I don’t know about you but I think it’s almost…er, patronising the way television commentators invariably refer to the galleries at Augusta National during the Masters as “patrons”. I know, I know, it was the term of choice of the tournament’s founders, Bobby Jones and Cliff Roberts, to describe the spectators at their event. (They are never “crowds”, or – heaven forbid! – fans.) But this is essentially just language from the 1930s. It sounds outdated rather than respectful, although a CBS commentator, Jack Whitaker, was being a tad too disrespectful in 1966 when he described the crowd surrounding the 18th green after a three-way 18-hole playoff as a “mob”. (To save you looking it up, Jack Nicklaus beat Tommy Jacobs and Gay Brewer.) Roberts made sure Whitaker never worked at the Masters again. I guess the reality is that the TV companies who cover the tournament don’t want to risk the fact that next year they might not if their people don’t use the requisite seven-letter word. After all, the broadcasters only have one-year rolling deals. They are the corporate equivalent of people on zero-hours contracts.

Roberts was 83 on the day in September 1977 that he walked out on to the club’s property and shot himself, probably because he couldn’t face dealing with his declining health. He had once said of the Masters: “As long as I’m alive, all the golfers will be white and all the caddies will be black.” Quite politically incorrect, I think you’ll agree. He was also inaccurate. The first part of that had gone out of the window in 1975 when Lee Elder became the first black golfer to play in the tournament. The second did in 1983, at which point players were allowed to use their own caddies rather than ones provided by the club. So, thank heavens, not everything always stays the same at Augusta. So why protect the “patrons”?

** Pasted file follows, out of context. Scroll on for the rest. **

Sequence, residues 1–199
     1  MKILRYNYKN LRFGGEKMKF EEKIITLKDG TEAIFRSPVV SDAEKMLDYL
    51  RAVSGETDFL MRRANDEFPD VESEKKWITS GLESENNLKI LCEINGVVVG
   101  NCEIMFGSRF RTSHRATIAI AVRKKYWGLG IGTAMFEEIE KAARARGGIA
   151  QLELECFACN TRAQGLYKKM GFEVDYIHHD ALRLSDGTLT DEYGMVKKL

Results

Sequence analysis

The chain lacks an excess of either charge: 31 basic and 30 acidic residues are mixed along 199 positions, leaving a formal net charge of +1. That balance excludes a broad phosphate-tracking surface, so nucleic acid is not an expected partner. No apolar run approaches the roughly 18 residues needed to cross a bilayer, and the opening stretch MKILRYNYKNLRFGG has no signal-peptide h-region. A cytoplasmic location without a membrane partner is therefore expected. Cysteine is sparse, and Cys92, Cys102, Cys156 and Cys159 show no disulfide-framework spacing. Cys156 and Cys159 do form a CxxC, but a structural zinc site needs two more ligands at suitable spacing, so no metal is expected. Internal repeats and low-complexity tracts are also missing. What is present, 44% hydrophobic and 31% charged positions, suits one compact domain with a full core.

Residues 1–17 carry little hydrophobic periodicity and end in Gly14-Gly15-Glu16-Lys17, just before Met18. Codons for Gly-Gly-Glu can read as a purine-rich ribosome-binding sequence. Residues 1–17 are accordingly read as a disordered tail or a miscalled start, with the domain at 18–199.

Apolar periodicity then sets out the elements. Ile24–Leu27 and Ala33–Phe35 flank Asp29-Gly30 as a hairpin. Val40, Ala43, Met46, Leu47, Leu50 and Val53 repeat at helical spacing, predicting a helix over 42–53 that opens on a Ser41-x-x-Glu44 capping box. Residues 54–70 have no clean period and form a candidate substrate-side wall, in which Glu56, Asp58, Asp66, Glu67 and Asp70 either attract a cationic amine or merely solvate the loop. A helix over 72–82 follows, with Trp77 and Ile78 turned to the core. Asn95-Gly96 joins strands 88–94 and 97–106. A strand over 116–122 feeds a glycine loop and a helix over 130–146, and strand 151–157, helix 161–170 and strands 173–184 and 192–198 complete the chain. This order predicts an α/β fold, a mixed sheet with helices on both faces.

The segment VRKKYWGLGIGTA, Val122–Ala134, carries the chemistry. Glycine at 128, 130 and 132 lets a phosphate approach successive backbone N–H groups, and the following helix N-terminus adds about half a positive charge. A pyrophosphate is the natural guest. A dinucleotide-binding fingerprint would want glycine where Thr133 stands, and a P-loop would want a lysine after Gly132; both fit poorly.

If today’s golfers played old Top-Flites, like Clifford Roberts, then perhaps distance wouldn’t be an issue?

And then there’s the matter of what used to be called, in those halcyon pre-hydrant days, ‘Tiger-proofing’. In fact, the course has been tweaked ever since the Masters began. Indeed, rather more than tweaked. For the first Masters, in 1934, the nines were played the other way around. The 16th hole has been completely restructured since then. It wasn’t until 1980 that the club replaced its Bermuda and rye greens with bent grass. Change is what the Masters has long been about; not preserving words from a bygone era.

Prior to this year’s tournament, the club chairman, Fred Ridley, was talking about the famous par-five 13th. “There’s a great quote from Bobby Jones dealing specifically with the 13th hole, which has been lengthened over time,” noted Ridley. “He said the decision to go for the green in two should be a momentous one. I would have to say that our observations of these great players hitting middle and even short irons into that hole is not a momentous decision.” Indeed. A few years ago Bubba Watson got home in two with  sand-wedge. But now Augusta National has acquired land from the adjoining Augusta Country Club, this being at the back of the 13th tee. Expect to see the hole play rather longer for the 2019 Masters. And that purchase does more than enable a wonderful par-five to play much harder: the club’s property will now be entirely surrounded by roads. It will no longer be contiguous with anyone else’s land. Exclusive or what?

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